US climate czar John Kerry defended his choice of taking a private jet to Iceland to receive an environmental award in 2019, pointing to his importance in the battle against carbon and suggesting that he had no other options. </p><div><p><em>“If you offset your carbon, it's the only choice for somebody like me who is traveling the world to win this battle,”</em> Kerry said in an interview with Iceland's RUV news outlet when he visited Reykjavik to collect his Arctic Circle Prize. Footage of the previously little-known interview was exposed by <a href="https://www.foxnews.com/politics/john-kerry-private-jet-iceland-climate-award" target="_blank" rel="noopener noreferrer">Fox News</a> on Wednesday.
Kerry, now a cabinet-level official as President Joe Biden’s climate envoy, went on to justify his use of private aircraft, saying he has played an important role in efforts to address climate change, including negotiating on behalf of the US in the Paris accord.
“I’ve been involved with this fight for years,” he said. “I negotiated with President Xi to bring President Xi to the table so we could get Paris. And, I believe, the time it takes me to get somewhere, I can’t sail across the ocean. I have to fly, meet with people and get things done.”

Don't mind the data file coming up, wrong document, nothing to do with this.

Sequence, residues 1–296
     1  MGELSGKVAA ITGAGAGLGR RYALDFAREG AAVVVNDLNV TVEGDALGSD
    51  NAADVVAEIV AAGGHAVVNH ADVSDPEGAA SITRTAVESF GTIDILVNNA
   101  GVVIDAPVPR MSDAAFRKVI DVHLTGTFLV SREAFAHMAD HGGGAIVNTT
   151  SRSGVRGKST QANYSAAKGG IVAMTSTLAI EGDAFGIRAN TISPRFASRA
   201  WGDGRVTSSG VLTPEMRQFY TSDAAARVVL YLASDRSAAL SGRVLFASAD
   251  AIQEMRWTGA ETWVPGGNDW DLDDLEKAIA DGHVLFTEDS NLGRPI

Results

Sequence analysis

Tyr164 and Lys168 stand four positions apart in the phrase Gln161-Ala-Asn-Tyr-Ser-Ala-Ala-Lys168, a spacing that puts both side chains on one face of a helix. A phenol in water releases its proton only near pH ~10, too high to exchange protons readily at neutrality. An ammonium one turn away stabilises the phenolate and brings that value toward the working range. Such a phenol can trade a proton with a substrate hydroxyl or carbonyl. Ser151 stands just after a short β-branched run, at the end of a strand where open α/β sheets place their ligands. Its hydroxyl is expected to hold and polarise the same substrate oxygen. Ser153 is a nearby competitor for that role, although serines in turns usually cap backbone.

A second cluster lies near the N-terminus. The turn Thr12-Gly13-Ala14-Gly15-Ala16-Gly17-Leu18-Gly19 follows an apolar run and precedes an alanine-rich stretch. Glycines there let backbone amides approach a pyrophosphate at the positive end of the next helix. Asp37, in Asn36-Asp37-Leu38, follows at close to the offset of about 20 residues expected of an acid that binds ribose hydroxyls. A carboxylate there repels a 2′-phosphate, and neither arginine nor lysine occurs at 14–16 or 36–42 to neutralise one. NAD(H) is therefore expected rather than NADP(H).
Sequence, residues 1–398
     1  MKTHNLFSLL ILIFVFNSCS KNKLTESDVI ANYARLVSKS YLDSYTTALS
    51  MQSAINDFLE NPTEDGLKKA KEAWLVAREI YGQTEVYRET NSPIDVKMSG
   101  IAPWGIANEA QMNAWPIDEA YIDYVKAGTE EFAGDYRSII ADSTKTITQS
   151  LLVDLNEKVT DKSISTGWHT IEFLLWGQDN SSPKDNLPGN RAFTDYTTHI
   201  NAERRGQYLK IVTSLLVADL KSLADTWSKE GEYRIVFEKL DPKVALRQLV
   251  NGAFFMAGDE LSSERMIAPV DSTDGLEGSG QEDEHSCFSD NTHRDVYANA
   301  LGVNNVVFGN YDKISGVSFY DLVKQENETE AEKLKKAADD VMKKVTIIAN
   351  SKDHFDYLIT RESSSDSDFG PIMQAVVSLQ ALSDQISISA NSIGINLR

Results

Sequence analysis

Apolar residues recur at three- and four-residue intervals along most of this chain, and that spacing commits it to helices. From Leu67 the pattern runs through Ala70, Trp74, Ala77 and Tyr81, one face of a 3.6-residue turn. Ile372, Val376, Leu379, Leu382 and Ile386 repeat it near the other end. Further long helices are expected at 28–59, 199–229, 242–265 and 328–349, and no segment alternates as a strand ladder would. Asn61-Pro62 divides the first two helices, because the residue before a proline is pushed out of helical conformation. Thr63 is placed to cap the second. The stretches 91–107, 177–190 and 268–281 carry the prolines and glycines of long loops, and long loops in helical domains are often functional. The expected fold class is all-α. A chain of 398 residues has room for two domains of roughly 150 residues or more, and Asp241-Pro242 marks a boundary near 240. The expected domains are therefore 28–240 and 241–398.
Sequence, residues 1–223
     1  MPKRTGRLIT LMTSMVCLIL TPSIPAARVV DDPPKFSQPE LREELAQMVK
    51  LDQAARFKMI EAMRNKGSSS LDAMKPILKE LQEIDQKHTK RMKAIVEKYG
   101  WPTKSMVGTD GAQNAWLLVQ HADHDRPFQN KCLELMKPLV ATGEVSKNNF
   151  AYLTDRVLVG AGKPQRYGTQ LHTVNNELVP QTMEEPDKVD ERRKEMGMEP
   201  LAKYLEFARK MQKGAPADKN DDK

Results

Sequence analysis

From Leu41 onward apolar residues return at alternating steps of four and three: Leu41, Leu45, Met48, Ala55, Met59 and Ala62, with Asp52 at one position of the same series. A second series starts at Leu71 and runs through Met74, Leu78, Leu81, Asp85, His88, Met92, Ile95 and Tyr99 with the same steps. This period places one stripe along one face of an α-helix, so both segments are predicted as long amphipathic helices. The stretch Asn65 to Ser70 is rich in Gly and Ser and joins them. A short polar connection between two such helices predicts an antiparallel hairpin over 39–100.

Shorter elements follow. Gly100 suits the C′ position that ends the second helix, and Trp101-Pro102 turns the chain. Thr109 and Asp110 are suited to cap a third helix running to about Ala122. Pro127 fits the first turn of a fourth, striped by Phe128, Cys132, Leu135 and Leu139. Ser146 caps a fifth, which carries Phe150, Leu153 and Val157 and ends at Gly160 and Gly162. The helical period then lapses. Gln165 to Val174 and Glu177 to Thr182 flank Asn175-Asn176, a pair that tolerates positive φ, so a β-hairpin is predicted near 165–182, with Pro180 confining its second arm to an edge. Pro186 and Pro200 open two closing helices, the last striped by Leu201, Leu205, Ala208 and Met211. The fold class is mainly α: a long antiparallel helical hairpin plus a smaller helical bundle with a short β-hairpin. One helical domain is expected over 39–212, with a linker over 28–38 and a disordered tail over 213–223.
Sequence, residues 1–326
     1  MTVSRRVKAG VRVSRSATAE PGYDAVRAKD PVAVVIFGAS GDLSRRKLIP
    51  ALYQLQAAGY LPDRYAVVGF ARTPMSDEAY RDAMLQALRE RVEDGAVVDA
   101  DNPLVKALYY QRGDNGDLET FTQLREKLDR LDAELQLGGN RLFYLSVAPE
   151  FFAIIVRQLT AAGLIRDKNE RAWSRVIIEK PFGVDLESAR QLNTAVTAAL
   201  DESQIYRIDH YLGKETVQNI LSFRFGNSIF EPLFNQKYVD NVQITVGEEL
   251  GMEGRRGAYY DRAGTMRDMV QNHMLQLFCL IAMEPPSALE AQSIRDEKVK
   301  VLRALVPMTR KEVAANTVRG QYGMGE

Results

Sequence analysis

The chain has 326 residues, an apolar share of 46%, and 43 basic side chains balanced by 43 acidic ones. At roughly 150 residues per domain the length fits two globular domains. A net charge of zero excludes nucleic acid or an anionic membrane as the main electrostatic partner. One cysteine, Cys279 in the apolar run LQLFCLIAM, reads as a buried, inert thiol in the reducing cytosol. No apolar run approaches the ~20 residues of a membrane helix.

Kerry apparently neglected to think about the option of flying commercial, rather than traveling by sailboat. After all, Icelandair was among the sponsors of the October 2019 Arctic Circle conference, where he was the keynote speaker and received his award.
Kerry will need to plant a lot of trees and recycle a lot of refuse to offset his carbon footprint. Flying by private jet emits about 40 times as much carbon dioxide per passenger as a commercial airliner, according to a study by Lund University. The Kerry family’s Gulfstream GIV-SP emitted an estimated 116 metric tons of carbon in the past year, about 25 times the emissions of a typical passenger car.
But Kerry’s argument seemed to be not that he would offset his carbon through his personal behavior; rather, his crucial achievements as a world environmental leader would outweigh his necessarily high emissions. He and his wife, ketchup heiress Teresa Heinz Kerry, own five homes. They reportedly sold their 76-foot yacht in 2017 and owned at least nine cars when Kerry ran for president in 2004.
“Kerry explanation condensed: I’m so important that I have to fly private,” Fox News senior analyst Brit Hume said.
Kerry was unapologetic when concerns were raised about his private jet in Iceland. “What I’m doing, almost full time, is working to win the battle of climate change, and in the end, if I offset and contribute my life to do this, I’m not going to be put on the defensive,” he said.
Just last week, Kerry sounded a tone-deaf note when he said the thousands of oil and natural gas workers who lose their jobs because of Biden’s policies can simply “make the solar panels” instead.
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